Perhaps the life of Alicia Amador, could one day inspire a leading character on prime time tv.  According to Windy City Times, Amador passed away last Thursday of cancer–”her greatest legacy was the impact she had on children and families in the Pilsen community.”  Amador was a staff member at Mujeres Latinas en Accion and founding member of Amigas Latinas.

Finally, I’m counting down for the next Proyecto Latina on Monday, October 18th.  Kansas City poet, Linda Rodriguez will be sharing poetry and a piece title, We’ve Been Here All Along: 13 Ways of Looking at Latinos in the Midwest. I’ve gotten a sneak peek at the work she is sharing and I have to tell you its going to be a special treat. Plan to join us!

I leave you with a first in a series of short films, a project by Proyecto Latina friend and fellow artist extraordinaire, Ricardo Gamboa–who is always on creative marathons.  His most recent project focuses on concerns over immigration issues.

09.18.2010 Doming Newsbytes

09.18.2010 Doming Newsbytes

This week I was fortunate to be come across so many dynamic women. My first encounter came when I did a communication’s training for the Women of Power housed inside the Cook County Sheriff’s office. They provide services to women that have just been released from prison. The women ranged from 19 to 62 years old and they were all trying to improve the quality of their lives and also inspire others going through similar situations to do the same.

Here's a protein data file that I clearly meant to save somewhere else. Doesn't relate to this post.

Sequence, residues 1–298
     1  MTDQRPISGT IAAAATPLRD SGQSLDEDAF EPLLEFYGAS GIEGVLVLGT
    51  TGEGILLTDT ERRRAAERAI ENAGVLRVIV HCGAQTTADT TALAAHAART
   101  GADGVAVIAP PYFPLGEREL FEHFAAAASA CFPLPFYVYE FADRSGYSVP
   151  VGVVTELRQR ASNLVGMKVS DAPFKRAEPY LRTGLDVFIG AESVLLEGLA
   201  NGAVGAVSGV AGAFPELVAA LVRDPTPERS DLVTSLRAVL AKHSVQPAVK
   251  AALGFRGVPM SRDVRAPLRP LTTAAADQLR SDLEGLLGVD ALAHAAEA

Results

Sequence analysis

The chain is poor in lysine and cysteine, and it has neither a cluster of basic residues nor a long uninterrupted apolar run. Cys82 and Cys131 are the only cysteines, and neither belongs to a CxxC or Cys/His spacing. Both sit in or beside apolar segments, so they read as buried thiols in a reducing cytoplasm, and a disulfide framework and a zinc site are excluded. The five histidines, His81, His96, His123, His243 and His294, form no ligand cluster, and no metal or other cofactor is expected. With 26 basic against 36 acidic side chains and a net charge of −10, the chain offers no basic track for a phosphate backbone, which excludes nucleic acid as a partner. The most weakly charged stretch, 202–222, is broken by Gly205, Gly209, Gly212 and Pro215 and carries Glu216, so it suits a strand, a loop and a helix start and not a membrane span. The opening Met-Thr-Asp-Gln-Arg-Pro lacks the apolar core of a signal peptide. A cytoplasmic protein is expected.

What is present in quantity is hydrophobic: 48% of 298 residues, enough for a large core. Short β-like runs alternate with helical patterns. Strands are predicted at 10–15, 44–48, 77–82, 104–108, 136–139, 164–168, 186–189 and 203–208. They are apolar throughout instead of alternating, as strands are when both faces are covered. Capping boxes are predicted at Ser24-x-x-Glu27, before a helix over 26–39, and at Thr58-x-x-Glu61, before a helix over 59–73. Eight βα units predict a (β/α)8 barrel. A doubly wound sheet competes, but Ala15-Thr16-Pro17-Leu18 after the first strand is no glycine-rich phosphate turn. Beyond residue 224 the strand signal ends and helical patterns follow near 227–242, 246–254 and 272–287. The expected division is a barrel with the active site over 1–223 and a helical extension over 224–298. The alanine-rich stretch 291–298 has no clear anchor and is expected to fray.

A few days later I ran into Irene Tostado from the IL Resource Net. She is one of the organizers for the conference I was attending for nonprofits to get federal funding. That same day I ran into Olivia Sanchez, executive director, of Project Vida. Her organization provides preventive education and direct services to people with HIV/AIDS.

Than I get a wonderful Facebook message from actor/writer Stephanie Diaz Reppen letting us know that she is on her third draft of The Quetzal she said, “Thank you from the bottom of my heart for breathing life into its writer”. All of these women I’m happy to say are either in a masters program or are in the process of getting into one. What strikes me about all of these women is that they are all telling their stories or their organizations and leading the way trying to improve the quality of their lives and their communities. With this in mind we hope all of you remember to create your own opportunities.

Paloma Martinez & Aaron Michael Morales